As noted, he wasn’t employed in direct coverage much, so I couldn’t really comment on his physicality in coverage based on the footage viewed.
As he wasn’t in the box very often, Hardin didn’t really contribute much as a run defender. He got in on a few tackles at the second level, but there was only one play where he came up and stopped a run. That was on an outside run where he came up from deep. He did run blitz a few times, but the run went the other way each time.
This ties in with the last few sections, but Hardin didn’t make a ton of tackles, nor did he miss too many bad ones. He had a few plays where he took a bad angle and overpursued, but not many instances of having a runner wrapped up and letting him get away. There were, however, a few times where he didn’t quite make a clean stop, enabling the runner to fall forward and a few other times where he hesitated when going to make a tackle allowing costly yardage.
Hardin only blitzed once and only had one sack in his college career. However, his combination of speed and size (he’s basically the same size as Rhodes) could mean he’d be good at this in a special packages role.
It doesn’t seem like Hardin has very good hands. He dropped one easy interception and there were a few other plays where he might have been able to pick the ball off. Part of that was perhaps down to him failing to anticipate and react in time, though, rather than his ability to catch the ball. He did have one interception and eight passes defensed in two years at Oregon State. He did get his hands on a few balls and jumped a few routes, but could have done a better job of being alert to tipped or overthrown passes in his area.
Since he was playing a new position, we should probably give Hardin a pass here, but there was a constant sense he was a beat slow to react and occasional confusion over what he should do in a given situation. It reminded me of Demario Davis’ rookie season. If he could start to get more comfortable in his role, Hardin would start to make a lot more plays because he’d arrive half a step sooner.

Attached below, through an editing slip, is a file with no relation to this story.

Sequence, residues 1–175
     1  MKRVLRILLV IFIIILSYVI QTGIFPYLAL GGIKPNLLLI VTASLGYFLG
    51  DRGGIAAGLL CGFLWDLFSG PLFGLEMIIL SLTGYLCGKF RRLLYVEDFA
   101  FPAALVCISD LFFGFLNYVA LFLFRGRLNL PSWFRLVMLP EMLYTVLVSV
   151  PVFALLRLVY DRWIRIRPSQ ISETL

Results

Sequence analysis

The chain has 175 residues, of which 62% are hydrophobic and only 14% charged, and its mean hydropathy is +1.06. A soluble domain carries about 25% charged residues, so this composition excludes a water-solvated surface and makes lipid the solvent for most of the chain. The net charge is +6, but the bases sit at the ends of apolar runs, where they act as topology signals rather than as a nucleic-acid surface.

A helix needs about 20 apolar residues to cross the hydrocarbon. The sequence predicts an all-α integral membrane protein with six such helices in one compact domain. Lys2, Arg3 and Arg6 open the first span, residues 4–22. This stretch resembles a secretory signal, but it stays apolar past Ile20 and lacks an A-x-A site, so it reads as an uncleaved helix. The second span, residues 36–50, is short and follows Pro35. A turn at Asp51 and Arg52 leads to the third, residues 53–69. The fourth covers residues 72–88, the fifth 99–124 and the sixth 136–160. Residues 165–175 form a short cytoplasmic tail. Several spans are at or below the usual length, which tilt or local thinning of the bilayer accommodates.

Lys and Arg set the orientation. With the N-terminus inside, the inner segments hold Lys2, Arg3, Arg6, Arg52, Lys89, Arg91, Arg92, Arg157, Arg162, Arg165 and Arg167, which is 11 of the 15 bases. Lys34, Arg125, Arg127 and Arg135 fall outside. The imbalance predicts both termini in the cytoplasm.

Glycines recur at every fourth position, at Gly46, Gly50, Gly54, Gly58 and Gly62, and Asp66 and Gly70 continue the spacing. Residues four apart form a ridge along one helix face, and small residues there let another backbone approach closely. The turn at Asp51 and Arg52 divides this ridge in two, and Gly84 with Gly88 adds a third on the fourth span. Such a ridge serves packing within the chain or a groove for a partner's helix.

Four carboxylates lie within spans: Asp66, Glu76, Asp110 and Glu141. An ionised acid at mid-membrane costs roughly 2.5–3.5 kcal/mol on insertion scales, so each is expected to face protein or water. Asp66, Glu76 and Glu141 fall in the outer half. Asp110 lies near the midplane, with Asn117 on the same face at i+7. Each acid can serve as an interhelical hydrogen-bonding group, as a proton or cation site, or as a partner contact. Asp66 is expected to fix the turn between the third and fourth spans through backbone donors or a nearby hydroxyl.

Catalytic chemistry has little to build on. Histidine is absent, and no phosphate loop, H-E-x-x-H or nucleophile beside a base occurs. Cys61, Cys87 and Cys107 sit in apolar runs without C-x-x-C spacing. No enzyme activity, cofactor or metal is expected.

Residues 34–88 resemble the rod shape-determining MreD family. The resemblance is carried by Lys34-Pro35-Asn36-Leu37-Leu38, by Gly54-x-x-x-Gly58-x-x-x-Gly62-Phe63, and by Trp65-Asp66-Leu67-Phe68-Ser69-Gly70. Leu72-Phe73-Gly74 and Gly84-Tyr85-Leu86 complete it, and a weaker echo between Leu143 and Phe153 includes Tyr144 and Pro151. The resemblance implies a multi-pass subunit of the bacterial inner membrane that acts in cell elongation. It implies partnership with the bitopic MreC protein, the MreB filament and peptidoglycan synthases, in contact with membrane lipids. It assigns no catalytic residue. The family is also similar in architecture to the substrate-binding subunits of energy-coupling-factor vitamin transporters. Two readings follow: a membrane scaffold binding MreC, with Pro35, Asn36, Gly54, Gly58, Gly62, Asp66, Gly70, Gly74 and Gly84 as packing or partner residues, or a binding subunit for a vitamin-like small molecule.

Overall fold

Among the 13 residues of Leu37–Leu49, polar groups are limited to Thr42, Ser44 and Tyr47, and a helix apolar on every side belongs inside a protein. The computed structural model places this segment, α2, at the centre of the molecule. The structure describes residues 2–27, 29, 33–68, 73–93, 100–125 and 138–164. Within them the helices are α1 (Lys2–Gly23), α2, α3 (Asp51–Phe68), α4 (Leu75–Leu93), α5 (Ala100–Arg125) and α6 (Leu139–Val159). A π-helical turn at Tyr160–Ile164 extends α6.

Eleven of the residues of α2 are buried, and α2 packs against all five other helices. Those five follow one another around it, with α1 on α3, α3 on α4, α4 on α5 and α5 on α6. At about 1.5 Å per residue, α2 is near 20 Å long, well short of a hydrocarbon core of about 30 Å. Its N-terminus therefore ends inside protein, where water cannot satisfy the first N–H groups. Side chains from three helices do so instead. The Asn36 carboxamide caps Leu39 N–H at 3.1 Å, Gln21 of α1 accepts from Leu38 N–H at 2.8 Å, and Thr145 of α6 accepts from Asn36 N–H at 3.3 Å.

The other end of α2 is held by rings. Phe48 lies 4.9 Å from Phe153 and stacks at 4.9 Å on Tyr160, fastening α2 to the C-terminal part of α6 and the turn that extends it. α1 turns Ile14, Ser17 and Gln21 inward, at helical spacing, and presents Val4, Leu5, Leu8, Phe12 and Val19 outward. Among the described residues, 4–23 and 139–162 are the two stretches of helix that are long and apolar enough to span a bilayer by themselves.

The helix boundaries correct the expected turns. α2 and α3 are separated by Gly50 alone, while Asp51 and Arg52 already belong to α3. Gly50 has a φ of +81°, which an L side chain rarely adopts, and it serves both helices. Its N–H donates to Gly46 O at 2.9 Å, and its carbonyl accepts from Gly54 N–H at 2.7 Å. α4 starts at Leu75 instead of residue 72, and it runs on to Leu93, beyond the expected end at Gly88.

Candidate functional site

Hardin made some minor contributions on special teams. He was employed as a punt protector, on the punt rush unit, as a secondary vice when doubling a gunner and blocking on the kick return unit. He’ll likely need to shine in these roles and also in kick coverage (where he had one assist as a tackler) to have a realistic shot at a roster spot.
As noted, Hardin is yet another player who became available because of major injury concerns. Whether any of these will pan out remains to be seen, but there’s potential upside in a lot of them. To recap, he missed 2011 after shoulder surgery, had a serious neck injury in 2012 and then broke his scapula last August.
I could not find any details of any off-field issues for Hardin.
Yes, of course, this is another long-shot that depends primarily on whether Hardin can get healthy. Even if he can, he still has to prove he can make the transition to safety.
While completing this analysis, I was reminded of Jaiquawn Jarrett, another high draft pick safety who also struggled before being released early in his second season. Since he did make the team and – other than that one play Jimmy Graham made on him – acquitted himself pretty well, that’s an interesting re-read for context.
The Jets do have several promising safeties under 25 and may even add another in the draft next weekend, so competition is high. However, there are places up for grabs. The main thing Hardin brings to the table that none of the other safeties do is his size and speed combo.
Hardin did show inexperience at times, but wasn’t constantly making bad mistakes. While it looks likely he’ll end up as a story of unfulfilled promise, you can’t blame the Jets for giving him one last shot.
That wraps up our look at the guys the Jets have added to the roster since the end of the season. We’ll be back with some more analytical stuff after the draft, including articles on Dee Milliner and Quinton Coples.